Thursday, July 31, 2014

Up Date: Numbers Condemned to Death in Thailand

    Number of Prisoners under Sentence of Death in Thailand on 30th June 2014

                                       All Charges
Gender   Appeal Court   Supreme Court   Convicted    Total 
Male             296                  79                        187              562
Female           37                     1                         12               50
Total             333                   80                       199              612

                                   Narcotic Charges
Male             135                   23                         75              233
Female           30                     0                          11              41
Total             165                    23                         86             274

                              Homicide and other Charges
Male                161                 56                       112             329
Female                7                   1                           1                9
Total                168                 57                       113             338

                          Source: Ministry of Justice

Wednesday, July 30, 2014

Human Life is Inviolable

On 24th July the world’s technically most developed nation, the USA, again bungled the execution of a condemned criminal. Supposedly execution is neither cruel nor inhumane, although every execution is patently cruel and inhumane. But a process, which is said to take ten minutes, stretched out for two hours. This horrible spectacle has raised once more the question of the acceptability of judicial killing.
“Everyone has the right to life” (Universal Declaration of Human Rights, 1948). The life of every human being is unique. No two human beings have the same molecular pattern of life, or DNA. We are unique in so many ways, our finger prints, our eye patterns, the structure of a single hair. Each person has a different history, a different experience, different thoughts and feelings. All of us contribute to human life on this earth, “The still, sad music of humanity” (Wordsworth 1800).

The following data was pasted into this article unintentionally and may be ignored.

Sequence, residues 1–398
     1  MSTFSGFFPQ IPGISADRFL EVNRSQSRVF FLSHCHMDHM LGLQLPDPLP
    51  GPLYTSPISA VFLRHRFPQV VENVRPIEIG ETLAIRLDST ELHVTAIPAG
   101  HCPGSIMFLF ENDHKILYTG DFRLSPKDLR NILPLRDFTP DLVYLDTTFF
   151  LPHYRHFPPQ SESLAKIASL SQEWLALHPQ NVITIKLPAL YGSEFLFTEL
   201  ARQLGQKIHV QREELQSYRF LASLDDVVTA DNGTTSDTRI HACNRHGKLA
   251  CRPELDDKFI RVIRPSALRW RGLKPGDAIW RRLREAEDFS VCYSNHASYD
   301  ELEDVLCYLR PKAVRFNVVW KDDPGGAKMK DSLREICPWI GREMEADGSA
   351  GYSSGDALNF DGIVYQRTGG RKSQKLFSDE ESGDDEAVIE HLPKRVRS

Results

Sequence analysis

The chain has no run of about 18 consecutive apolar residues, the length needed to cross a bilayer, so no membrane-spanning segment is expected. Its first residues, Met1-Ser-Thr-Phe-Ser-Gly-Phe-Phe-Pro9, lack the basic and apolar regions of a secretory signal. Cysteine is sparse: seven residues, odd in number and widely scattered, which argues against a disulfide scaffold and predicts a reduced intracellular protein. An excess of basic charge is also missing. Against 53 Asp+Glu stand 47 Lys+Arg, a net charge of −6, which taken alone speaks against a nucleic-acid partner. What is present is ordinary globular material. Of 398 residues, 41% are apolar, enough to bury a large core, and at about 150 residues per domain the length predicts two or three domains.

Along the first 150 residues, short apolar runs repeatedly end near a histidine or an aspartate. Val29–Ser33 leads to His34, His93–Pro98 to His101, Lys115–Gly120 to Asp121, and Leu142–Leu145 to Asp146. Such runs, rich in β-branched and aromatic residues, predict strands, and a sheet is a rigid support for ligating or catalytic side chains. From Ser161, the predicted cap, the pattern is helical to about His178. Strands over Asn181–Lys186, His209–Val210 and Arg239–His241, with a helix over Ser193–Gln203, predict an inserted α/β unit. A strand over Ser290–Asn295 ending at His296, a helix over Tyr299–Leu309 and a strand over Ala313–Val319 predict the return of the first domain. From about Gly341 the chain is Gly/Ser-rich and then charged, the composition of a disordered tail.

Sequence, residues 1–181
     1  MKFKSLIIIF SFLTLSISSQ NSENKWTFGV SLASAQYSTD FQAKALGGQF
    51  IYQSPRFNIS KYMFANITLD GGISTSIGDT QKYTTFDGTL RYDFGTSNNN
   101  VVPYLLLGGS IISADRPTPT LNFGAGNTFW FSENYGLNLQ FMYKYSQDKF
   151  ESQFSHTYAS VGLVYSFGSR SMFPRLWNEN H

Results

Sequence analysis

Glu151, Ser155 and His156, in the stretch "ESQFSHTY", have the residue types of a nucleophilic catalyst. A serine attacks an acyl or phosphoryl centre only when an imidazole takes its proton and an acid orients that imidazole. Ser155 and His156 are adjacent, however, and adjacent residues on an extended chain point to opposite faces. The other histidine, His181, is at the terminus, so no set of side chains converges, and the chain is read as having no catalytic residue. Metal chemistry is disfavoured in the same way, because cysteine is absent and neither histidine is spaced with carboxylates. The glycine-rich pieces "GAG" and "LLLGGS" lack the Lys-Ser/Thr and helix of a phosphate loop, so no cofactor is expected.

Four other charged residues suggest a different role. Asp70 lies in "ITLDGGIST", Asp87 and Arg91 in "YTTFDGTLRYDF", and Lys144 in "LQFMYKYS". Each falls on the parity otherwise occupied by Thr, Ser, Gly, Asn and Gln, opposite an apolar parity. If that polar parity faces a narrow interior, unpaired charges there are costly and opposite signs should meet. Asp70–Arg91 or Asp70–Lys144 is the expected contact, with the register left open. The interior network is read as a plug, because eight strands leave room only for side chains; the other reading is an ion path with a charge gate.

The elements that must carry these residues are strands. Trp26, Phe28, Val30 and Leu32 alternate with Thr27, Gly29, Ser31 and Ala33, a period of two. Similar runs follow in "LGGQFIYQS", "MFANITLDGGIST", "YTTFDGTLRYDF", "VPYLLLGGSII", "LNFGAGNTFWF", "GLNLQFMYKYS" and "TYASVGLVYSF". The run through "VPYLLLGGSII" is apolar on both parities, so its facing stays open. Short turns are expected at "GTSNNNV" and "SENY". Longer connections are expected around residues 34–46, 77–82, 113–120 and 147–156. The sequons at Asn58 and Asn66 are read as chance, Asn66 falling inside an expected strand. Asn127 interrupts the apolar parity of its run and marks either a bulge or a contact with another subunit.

There is sadness to life, storms, diseases, and natural catastrophes that we cannot avoid. Worse still there is the evil we do to each other. “Man is a wolf to man” (Plautus, c. 200 BC) greed, selfishness, anger, violence, cruelty and war affect all of us during our lives. The history of civilization is the history of our efforts to limit and counter such evil, especially to protect the weak and vulnerable. Our greatest protection is our sense of justice and the system of justice that we call civil society. We have evolved laws, courts, schools, hospitals, prisons, police, military, as well as benevolent bodies to help the victims, the old, the sick, the young.
Along the way to build up a humane society we have evolved basic limits of behavior and guides to choice of means. “Man is the measure of all things” (Protagoras 485 BC), not Gross National Product, profit, nor riches, nor fame, nor pleasure, but man himself. It follows that all human life is uniquely valuable, “everyone has the right to life”. A good man may turn to evil, but an evil man can also turn to good. However, Nisit Sinthuprai, a former Pheu Thai Party MP and a red shirt leader in the Northeast….said a few days ago he had no problem with a life ban for politicians, or even execution, stressing only that the punishment must apply equally to all types of politicians involved in vote buying. The casual inclusion of execution as an acceptable remedy for the strengthening of democracy is an intolerable aberration in a person entrusted with political leadership.
None of us has the right to say of another, the life of such a man is forfeit, he should be eliminated. Adolf Hitler eliminated Jews, gypsies, and retarded children, deciding on spurious theories of Aryan superiority that lesser human being had no right to life. In rejecting such theories, the Universal Declaration of Human Rights was born.
Thailand has fallen into a serious crisis of society, where division, hatred, and intolerance have brought civil life to a halt. Evil doers are identified as scapegoats for the ills which beset us, and the ancient cry for revenge and retaliation is raised, Kill them! Two horrendous rape death deaths of young women have given rise to calls for the death penalty, supported by many signatures of an appeal, but also a renewed acceptance of the death penalty as exemplified in a statement quoted above by the former MP.